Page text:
How to handle when kid say never ask $ from her classmate?

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How to handle when kid say never ask $ from her classmate?

Postby E Lim » Thu Feb 24, 2011 4:05 pm

Receive a email from my P1 girl form teacher, a classmate reported to teacher that my girl has been asking the classmate for money. I have just check with my girl. She was angry and say she have never ask anyone in the class for money at all, she has enough money to spend daily. And with my packed lunchbox, she can save up the pocket money. What should I do? Shall I confront the classmate? Please share your view.

E Lim
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Postby cnimed » Thu Feb 24, 2011 5:08 pm

You won't be able to confront the classmates. Parents are not allowed to speak to another pupil over such matters; it's deemed improper. Everything will be handled by the teacher. The teacher needs to get feedback from both sides before she can do anything, and my guess is she is probably doing so right now, not necessarily accusing your child of anything. Sometimes, a teacher already knows that one child is prone to untruths, but she will still need to get feedback from the other one to be fair and transparent.

I will just email back what my child said, and add that I am ready to assist the teacher in helping to clarify any possible misunderstanding because my child knows that stealing is a serious offence.

Sometimes the kids are just playing and it sounds much more serious to us. My son is also in P1 and I hear from him that sometimes the students "exchange" money as tokens of friendship :| . I told him he had BETTER stay out of it for fear of being maligned.
:nunchuk:
cnimed
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Re: How to handle when kid say never ask $ from her classmat

Postby MyBaby » Thu Feb 24, 2011 5:26 pm

E Lim wrote:Receive a email from my P1 girl form teacher, a classmate reported to teacher that my girl has been asking the classmate for money. I have just check with my girl. She was angry and say she have never ask anyone in the class for money at all, she has enough money to spend daily. And with my packed lunchbox, she can save up the pocket money. What should I do? Shall I confront the classmate? Please share your view.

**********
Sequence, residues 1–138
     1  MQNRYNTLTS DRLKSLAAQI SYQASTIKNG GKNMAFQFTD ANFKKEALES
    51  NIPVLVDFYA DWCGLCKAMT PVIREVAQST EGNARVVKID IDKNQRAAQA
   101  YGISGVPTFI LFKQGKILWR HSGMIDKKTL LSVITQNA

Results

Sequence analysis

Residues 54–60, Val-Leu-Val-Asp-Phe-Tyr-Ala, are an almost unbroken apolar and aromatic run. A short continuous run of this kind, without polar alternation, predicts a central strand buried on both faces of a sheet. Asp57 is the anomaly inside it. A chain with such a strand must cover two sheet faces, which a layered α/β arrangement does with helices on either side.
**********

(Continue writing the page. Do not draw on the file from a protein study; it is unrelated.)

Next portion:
Hi E Lim, this is how I will approach the issue.

I always believe in not confronting the student directly but to work through the teachers/school. My reason is that I do not like parents to come marching into school and having direct access to my child, so I will not do that to other people's children.

First, check with your DD to ascertain that she REALLY didn't do it. Try not to be emotional/accuse your DD (or the other girl)/put suggestions into her mind. Just tell DD that you've received an email from her teacher and tell her the content of the email. If your DD said she didn't do it, ask her whether she could think of any reason why the other girl would want to accuse her. If your DD could not offer any reason(s) and still insisted that she didn't do it, tell her that you are going to school to talk to her teacher directly. At this point, if DD's been not telling the truth, she might confess.

Then, reply to the email and ask for a meeting with the teacher concerned. Ask the teacher whether has she spoken to the 2 girls before sending out the email to you, or did the teacher just directly take the other girl's words. Tell the teacher your DD's version and give the teacher some time to sort it out.

Sometimes, for events like this, there might be no outcome from the school (some teachers are too bochap and think that this is a small matter, or even if teacher bothered to investigate, it might be a case of one saying the other one is lying and vice versa). But at least, the teacher gets to hear your DD's version, which is important.

What I will do is to follow up with DD about the learning points -
1. It is not ok to borrow/ask someone for money
[I told my kids that in desperate situations, that is, need to say back and forgotten to bring money for lunch, to approach their teachers]

2. Some friends will turn out to be ''true'' friends and some will not. So she needs to be aware who she mixes with. I always tell my kids "true friends bring out the best in you while bad companies bring out the worst in you."

hope the above helps.

MyBaby
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Postby MyBaby » Thu Feb 24, 2011 5:28 pm

deminc wrote:Sometimes the kids are just playing and it sounds much more serious to us. My son is also in P1 and I hear from him that sometimes the students "exchange" money as tokens of friendship :| . I told him he had BETTER stay out of it for fear of being maligned.
:nunchuk:


Ha ha, you mean this exchange of money is common in other schools too? Last yr, when my DS was in P1, a livid mummy was complaining loudly that her son's $1 coin was exchanged for a 50cents and her son thought is was a good deal as the 50 cents coin is larger than a $1 coin!

MyBaby
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